Without notice, State Department policy changed to make it more difficult for gay couples to bring their babies into the US. The change delegitimizes the marriages of naturalized gay citizens and lock their children out of the United States.
Category Archives: Surrogacy FAQ
Permanent residency abroad does not bypass the ban on surrogacy under Islamic law. Living abroad will allow the baby return home without a visa, but that’s only one hurdle. Parents still need citizenship and a passport, and that’s unlikely to be approved by the embassy of an Islamic country.
SENSIBLE is pleased to report that travel restrictions in Ukraine will be eased as of June 15. Intended Parents soon will be able to fly into Kiev to begin their IVF cycles as well as attend the birth of their babies. The announcement was made on May 27 by the Ukrainian Ministry of Health Protection.
If you have a surrogacy program in a country without national health service (like the United States.) then medical complications can be devastating. The U.S. health care system is painfully difficult to navigate, and the insurance market is confounding to most international parents. Here’s how to protect yourself.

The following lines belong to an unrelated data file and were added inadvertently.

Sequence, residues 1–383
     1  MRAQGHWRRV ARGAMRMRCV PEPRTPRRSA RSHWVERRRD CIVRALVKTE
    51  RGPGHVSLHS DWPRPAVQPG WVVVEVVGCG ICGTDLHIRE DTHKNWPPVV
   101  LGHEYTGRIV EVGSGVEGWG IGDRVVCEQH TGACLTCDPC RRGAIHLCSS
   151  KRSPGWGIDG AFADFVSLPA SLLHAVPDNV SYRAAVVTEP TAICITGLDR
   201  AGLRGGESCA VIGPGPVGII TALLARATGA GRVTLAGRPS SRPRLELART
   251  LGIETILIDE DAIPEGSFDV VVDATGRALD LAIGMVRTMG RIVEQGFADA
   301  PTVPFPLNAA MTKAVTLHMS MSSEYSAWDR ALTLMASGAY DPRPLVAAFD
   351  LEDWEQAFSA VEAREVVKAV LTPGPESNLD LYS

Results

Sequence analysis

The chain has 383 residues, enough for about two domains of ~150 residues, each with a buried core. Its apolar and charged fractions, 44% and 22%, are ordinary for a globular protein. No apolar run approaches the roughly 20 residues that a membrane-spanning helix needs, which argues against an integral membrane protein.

Setting the terms of a surrogacy agreement is a two-way conversation. You are NOT in a position to make demands. But it is absolutely your right to make requests… do it NOW rather than later. Here are some things you may consider…
First, to be clear: I don’t recommend traditional surrogacy — it comes with a host of legal and ethical issues. It’s hard to argue in any court how your surrogate could be denied full parental rights if she were dispute the surrogacy agreement.
From blood thinners to “embryo glue,” a few add-ons claim to give an embryo transfer an added boost. Maybe you’ve seen these on the Internet. Some may be promising in specific cases, while others seem just trendy memes. Honestly, we tried most of these, but I have no certainty if any of these actually improved the likelihood of pregnancy in a typical case. Depending on the situation, your clinic may recommend a variety of options.
The surrogacy process typically takes about a year – once you find your surrogate. But surrogate matching is complex, and certain laws can grind the process to a stop. In the U.S. it can takes a few months, but a lot will depend on your location and personal requirements.
If you have a properly executed Surrogacy Contract in a country with a supportive legal framework then the simple answer is NO, the surrogate cannot keep your baby. Unfortunately too many couples decide to skip the legal safeguards and open themselves up to all sorts of risks – including that the surrogate may have a legal claim to parental rights.
If medical risks aren’t persuasive, there is also a financial argument against having twins. A twins pregnancy doesn’t mean you get an extra baby at no cost… You can expect to pay extra charges for the extra effort and risks.